A bipartisan group of senators announced a “commonsense” agreement on a gun package Sunday.
“Today, we are announcing a commonsense, bipartisan proposal to protect America’s children, keep our schools safe, and reduce the threat of violence across our country. Families are scared, and it is our duty to come together and get something done that will help restore their sense of safety and security in their communities,” the group of senators said in a press release on the announcement.
The senators include: Chris Murphy, John Cornyn, Thom Tillis , Kyrsten Sinema, Richard Blumenthal, Roy Blunt, Cory Booker, Richard Burr, Bill Cassidy, Susan Collins, Chris Coons, Lindsey Graham, Martin Heinrich, Mark Kelly, Angus King, Joe Manchin, Rob Portman, Mitt Romney, Debbie Stabenow, and Pat Toomey.
“Our plan increases needed mental health resources, improves school safety and support for students, and helps ensure dangerous criminals and those who are adjudicated as mentally ill can’t purchase weapons. Most importantly, our plan saves lives while also protecting the constitutional rights of law-abiding Americans. We look forward to earning broad, bipartisan support and passing our commonsense proposal into law,” the senators continued in their group statement.
The proposal includes initiatives to support state crisis intervention orders; a national expansion of mental health services for children and families; expanding mental health programs in schools; enhanced review process for gun buyers under the age of 21; penalties for straw purchases; additional funding for school resource officers.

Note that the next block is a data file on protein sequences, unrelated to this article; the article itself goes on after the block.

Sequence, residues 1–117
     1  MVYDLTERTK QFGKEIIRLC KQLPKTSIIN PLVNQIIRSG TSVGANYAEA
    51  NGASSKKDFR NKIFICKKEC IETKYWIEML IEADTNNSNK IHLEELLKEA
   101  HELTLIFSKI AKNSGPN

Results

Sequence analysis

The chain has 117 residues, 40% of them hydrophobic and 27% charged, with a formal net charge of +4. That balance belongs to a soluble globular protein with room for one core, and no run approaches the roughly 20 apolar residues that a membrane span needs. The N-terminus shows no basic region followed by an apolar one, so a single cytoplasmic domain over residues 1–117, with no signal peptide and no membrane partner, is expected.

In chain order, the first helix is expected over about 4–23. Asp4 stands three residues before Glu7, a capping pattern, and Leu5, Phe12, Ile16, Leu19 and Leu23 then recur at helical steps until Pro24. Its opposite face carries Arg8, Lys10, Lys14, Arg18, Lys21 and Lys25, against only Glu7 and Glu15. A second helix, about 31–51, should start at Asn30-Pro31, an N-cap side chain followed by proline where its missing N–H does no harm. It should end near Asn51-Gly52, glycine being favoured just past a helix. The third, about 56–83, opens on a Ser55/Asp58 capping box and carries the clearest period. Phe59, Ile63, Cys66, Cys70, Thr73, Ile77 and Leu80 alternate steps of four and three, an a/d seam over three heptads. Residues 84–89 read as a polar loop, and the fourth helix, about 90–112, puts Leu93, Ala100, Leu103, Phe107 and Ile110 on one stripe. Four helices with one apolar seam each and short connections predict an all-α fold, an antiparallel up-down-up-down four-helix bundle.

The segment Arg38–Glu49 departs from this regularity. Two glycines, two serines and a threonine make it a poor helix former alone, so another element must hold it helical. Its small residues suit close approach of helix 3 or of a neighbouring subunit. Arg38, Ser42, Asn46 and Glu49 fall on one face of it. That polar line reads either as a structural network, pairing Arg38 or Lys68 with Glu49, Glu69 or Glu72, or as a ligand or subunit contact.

Senate Republican Leader Mitch McConnell issued a statement in support of the agreement later Sunday, saying he was “glad Senators Cornyn and Murphy are continuing to make headway in their discussions.”
“I continue to hope their discussions yield a bipartisan product that makes significant headway on key issues like mental health and school safety, respects the Second Amendment, earns broad support in the Senate, and makes a difference for our country,” McConnell added in his statement.
The agreement comes just weeks after a series of mass shootings, including the Uvalde school shooting that left 19 children and two teachers dead in Texas.
“This an agreement on principles, not legislative text. The details will be critical for Republicans, particularly the firearms-related provisions. One or more of these principles could be dropped if the text is not agreed to,” a GOP aide involved with the negotiations told Fox News.